THE COURT: Well, the Judge took the jury out?

THE WITNESS: Took the jury out, yes. And I thought that the location lends itself very well to an understanding. And particularly given the testimony that they had heard and the way that they heard it, I was hopeful they would put Mr. White down in front of the Ladies Choice where he could definitely not have seen anything that occurred on 26th Street.

Q. So from day one it was your feeling that you would attempt to argue to the jury that Mr. White, who was an eyewitness to the shooting, could not have seen it?

A. Correct.

Q. And in a variety of ways by showing where he parked his car, the lighting conditions, the fact he was smoking marijuana, the distance that he was away and, as a matter of fact, wasn't he also exposed for having had a prior felony conviction?

A. Correct.

Q. So all of this information was put before the jury throughout direct and cross-examination?

A. Correct.

Q. And you had certain statements that he had made in the past that you could impeach him with during the course of his testimony?

A. As a matter of trial strategy I was concerned that the statements he made were not so wrong or so outlandish that they couldn't be covered up, that there wouldn't be a plausible explanation for the discrepancies and those being who tells the same story the same way twice. So I was not so much leaning on that as I was upon location and character and the way he played with the jury. I sought to annoy him during my cross-examination so they would see just what kind of a person he was. And I was okay with what had happened. I was not happy that he had changed some of the details of his story. But I felt that the cross-examination had been successful and thought that we were well on our way to winning the case.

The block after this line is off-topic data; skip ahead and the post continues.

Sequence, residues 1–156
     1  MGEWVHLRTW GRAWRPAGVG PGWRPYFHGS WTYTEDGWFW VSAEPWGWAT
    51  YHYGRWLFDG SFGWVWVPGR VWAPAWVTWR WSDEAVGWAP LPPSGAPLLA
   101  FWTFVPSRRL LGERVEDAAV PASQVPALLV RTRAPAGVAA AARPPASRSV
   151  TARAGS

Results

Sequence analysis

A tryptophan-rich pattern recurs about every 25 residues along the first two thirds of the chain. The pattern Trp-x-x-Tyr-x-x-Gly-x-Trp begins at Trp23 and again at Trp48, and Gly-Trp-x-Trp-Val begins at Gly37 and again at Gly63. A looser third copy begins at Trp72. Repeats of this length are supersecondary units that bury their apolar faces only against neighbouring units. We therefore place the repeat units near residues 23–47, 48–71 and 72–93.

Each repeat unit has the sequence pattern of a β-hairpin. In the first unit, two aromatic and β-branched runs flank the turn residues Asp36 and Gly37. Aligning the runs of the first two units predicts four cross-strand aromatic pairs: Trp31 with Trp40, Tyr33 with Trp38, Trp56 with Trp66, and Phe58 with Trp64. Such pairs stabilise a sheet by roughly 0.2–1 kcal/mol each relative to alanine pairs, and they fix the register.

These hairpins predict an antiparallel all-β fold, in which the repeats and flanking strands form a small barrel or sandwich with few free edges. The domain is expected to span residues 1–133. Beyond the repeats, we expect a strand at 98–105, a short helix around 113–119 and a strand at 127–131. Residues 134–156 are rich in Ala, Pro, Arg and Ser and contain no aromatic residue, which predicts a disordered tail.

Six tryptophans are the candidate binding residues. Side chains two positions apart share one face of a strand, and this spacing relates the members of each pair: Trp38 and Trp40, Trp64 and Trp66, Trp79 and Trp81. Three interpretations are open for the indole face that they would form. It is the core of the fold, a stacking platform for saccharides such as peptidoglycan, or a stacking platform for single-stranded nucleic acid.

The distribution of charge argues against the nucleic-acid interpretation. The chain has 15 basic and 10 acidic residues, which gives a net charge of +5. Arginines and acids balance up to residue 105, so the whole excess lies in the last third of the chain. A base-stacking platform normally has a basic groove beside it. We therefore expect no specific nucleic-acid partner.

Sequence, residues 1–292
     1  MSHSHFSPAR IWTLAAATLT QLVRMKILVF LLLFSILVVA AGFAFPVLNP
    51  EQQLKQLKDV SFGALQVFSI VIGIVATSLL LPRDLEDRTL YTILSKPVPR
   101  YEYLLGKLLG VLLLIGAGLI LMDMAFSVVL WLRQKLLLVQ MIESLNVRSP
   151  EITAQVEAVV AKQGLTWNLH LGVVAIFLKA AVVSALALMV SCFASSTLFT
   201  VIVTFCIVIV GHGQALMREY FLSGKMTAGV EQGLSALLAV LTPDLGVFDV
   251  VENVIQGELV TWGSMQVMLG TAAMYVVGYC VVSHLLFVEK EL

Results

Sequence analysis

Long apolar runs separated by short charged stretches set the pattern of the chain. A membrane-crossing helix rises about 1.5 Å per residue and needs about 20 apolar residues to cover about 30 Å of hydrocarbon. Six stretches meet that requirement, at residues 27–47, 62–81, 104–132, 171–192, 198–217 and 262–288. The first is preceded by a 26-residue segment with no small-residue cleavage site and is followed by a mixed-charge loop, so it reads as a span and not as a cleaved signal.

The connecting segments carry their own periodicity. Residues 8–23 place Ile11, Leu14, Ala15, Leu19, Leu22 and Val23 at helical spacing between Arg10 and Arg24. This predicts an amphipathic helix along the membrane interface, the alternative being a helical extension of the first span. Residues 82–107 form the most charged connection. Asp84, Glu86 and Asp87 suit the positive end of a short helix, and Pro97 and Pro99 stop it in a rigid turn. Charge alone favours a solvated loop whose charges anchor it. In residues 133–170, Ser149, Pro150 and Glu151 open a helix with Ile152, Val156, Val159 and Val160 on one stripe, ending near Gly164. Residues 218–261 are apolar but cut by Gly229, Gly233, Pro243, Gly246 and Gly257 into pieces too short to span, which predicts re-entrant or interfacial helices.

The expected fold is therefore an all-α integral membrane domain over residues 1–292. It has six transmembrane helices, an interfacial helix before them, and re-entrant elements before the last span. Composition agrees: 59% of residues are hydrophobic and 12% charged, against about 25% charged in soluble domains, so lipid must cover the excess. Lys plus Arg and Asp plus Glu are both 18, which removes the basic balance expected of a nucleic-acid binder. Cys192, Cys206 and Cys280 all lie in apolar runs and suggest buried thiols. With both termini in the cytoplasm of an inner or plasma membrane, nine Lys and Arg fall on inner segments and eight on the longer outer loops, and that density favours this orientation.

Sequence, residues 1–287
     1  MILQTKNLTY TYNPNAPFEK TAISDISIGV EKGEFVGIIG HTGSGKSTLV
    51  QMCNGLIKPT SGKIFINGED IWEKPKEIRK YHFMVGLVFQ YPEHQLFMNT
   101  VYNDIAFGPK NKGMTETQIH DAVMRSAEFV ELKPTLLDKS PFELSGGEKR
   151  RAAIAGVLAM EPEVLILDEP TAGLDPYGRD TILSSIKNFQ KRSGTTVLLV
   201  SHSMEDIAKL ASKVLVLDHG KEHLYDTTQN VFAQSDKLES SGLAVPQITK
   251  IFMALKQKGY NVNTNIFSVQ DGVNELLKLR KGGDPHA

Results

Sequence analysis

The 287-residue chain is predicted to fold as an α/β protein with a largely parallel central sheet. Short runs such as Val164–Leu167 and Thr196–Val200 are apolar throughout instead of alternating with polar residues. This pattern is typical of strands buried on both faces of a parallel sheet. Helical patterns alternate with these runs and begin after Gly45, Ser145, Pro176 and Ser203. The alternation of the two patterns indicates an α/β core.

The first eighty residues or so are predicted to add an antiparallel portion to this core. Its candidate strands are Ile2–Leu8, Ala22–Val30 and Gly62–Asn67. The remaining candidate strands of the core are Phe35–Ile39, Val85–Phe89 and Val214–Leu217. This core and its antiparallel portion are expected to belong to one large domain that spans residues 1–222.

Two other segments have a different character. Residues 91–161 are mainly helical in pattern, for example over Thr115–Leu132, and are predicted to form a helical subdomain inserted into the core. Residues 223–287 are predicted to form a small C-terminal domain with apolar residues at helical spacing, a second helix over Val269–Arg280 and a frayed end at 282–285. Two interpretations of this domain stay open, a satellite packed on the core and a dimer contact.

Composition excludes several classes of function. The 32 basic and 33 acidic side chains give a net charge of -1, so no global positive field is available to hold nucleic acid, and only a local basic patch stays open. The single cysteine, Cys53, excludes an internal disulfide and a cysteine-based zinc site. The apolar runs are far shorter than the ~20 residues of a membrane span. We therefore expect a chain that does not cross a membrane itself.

Id. at 26-28.

On redirect, Bunton's postconviction counsel questioned Johnson about White's videotaped testimony and its potential usefulness to the defense at trial:

Q. Now, you had reviewed the videotaped testimony of his [White's] first statement to the detective, correct?

A. Yes. I'm sorry. I'm sorry that I didn't remember that when we were talking.

Q. You said that it was lost. You were unable to get a copy of it?

A. I did not get a copy.

* * *

Q. Had you obtained audiotaped testimony which stated that he [White] was parked in front of a Do Not Park sign, would that have been relevant to this situation? Do you remember seeing where the Do Not Park sign was?

A. If I had focused on that and knew that to be the case, I could have looked at the Do Not Park sign when I visited the crime scene. Yes, that would have been significant.

Id. at 30-31.

c) The state district court's resolution of the claim

Approximately two weeks after the conclusion of the evidentiary hearing on Bunton's Rule 35(c) motion, the state district court held a separate hearing during which it orally denied Bunton's motion. In doing so, the state district court specifically rejected Bunton's claim that Johnson should have more thoroughly cross-examined White regarding the positioning of his vehicle, particularly based on statements White gave during his videotaped/audiotaped interview with Detective Antuna: